Customs Service is responsible for the enforcement of over 144 different
laws relating to the regulation of imports, and the restriction
of goods that are considered to be illegal or dangerous to the health,
safety, or welfare of the United States.
R. Tuttle Law Offices
assists importers obtain the timely release of their merchandise
from Customs custody, and in the case of goods that are seized,
to file the appropriate administrative petition under 19 U.S.C.
1618, for their release.
& Detention of Goods
Customs service is authorized by statute (19 U.S.C. § 1499)
to examine all merchandise entering the territory of the United
States. Under sec. 1499, Customs has 5 days (excluding weekends
and holidays) from the date on which the merchandise was presented
for examination to decide whether to release or detain the merchandise.
The following limitations on examination and release apply to most
goods, unless an agency other than the Customs Service is responsible
for the admission of the goods. Examples of such agencies include
the Food & Drug Administration, Fish and Wildlife, and the FCC.
19 U.S.C. § 1499(c), merchandise not released within a 5-day
period is considered detained. No more than 5 days following a decision
to detain merchandise, the Customs Service must provide the importer
or other interested party with notice of the detention. This notice
must inform the importer of (1) that the goods are under detention;
(2) the specific reason for the detention; (3) the anticipated length
of the detention; (4) the nature of any tests or inquiries to be
conducted; and (5) any information that could be supplied that might
accelerate the disposition of the detention. Within certain limitations,
the importer is entitled to receive the results of any tests conducted
on the merchandise.
the Customs Service can not make a final determination with respect
to the admissibility of the detained merchandise within 30 days
after the merchandise ha been presented for examination, or a longer
period if specifically authorized, then the merchandise shall be
treated as if it were excluded for purposes of protesting the exclusion
under 19 U.S.C. 1514(a)(4).
protest against the decision to exclude the merchandise that has
not been allowed or denied by Customs within 30 days from filing
shall be treated as having been denied, and the importer may file
suit in the CIT to obtain the release of the goods. Once an action
respecting a detention is commenced, the court shall grant the appropriate
relief which may include, but is not limited to, an order to cancel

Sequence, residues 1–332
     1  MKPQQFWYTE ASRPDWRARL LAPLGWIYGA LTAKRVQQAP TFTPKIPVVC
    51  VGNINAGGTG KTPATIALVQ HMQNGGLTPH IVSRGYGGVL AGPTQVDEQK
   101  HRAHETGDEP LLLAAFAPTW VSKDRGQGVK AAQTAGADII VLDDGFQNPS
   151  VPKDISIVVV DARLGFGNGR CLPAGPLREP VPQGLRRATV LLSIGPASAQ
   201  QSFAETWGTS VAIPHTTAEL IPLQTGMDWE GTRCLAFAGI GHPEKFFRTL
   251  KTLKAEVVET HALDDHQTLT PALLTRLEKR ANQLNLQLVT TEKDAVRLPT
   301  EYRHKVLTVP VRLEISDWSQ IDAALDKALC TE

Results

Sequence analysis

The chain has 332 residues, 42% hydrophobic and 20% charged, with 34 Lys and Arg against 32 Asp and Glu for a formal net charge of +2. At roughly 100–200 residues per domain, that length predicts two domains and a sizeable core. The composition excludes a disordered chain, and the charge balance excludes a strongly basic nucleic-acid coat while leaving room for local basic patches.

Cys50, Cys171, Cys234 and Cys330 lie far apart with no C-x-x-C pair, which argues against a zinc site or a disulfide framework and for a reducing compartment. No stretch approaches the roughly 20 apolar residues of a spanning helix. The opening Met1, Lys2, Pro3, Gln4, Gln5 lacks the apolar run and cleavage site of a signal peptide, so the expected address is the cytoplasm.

the detention and release the merchandise, unless the Customs Service
can establish, by a preponderance of the evidence that a decision
on admissibility has not been reached for good cause.
which is not introduced or attempted to be introduced into the United
States contrary to law shall be treated as follows:
- (1) Merchandise
shall be seized and forfeited if it is smuggled or clandestinely
imported or introduced.
- (2) Merchandise
may be seized and forfeited by Customs if:
- (A) Its
importation or entry is subject to any restriction or prohibition
which is imposed by law relating to health, safety, or conservation
and the merchandise is not in compliance with the applicable rule,
regulation, or statute;
Its importation or entry requires a license, permit or other authorization
of an agency of the United States Government and the merchandise
is not accompanied by such license, permit, or authorization;
It is merchandise or packaging in which copyright, trademark,
or trade name protection violations are involved (including, but
not limited to: violations of section 1124, 1125, or 1127 of Title
15, section 506 or 509 of Title 17, or section 2318 or 2320 of
(D) It is
trade dress merchandise involved in the violation of a court order
citing section 1125 of Title 15;
(E) It is
merchandise which is marked intentionally in violation of section
1304 of this Title; or
(F) It is
merchandise for which the importer has received written notices
that previous importations of identical merchandise from the same
supplier were found to have been marked in violation of section
1304 of this Title.
If the importation or entry of the merchandise is subject to quantitative
restrictions requiring a visa, permit, license, or other similar
document, or stamp from the United States Government or from a foreign
government or issuing authority pursuant to a bilateral or multilateral
agreement, the merchandise shall be subject to detention in accordance
with section 1499 of this title unless the appropriate visa, license,
permit, or similar document or stamp which is presented in connection
with the importation or entry of the merchandise is counterfeit,
the merchandise may be seized and forfeited.
In any case where the seizure and forfeiture of merchandise are
required or authorized by this section, the Customs Service may
remit the forfeiture under section 1618 of this title, or (B) permit
the exportation of the merchandise, unless its release would adversely
affect health, safety, or conservation or be in contravention of
a bilateral or multilateral agreement or treaty.
Increased Currency Seizures from Travelers Entering the U.S.
January 14, 2013
CBP Continues To Focus On
April 24, 2012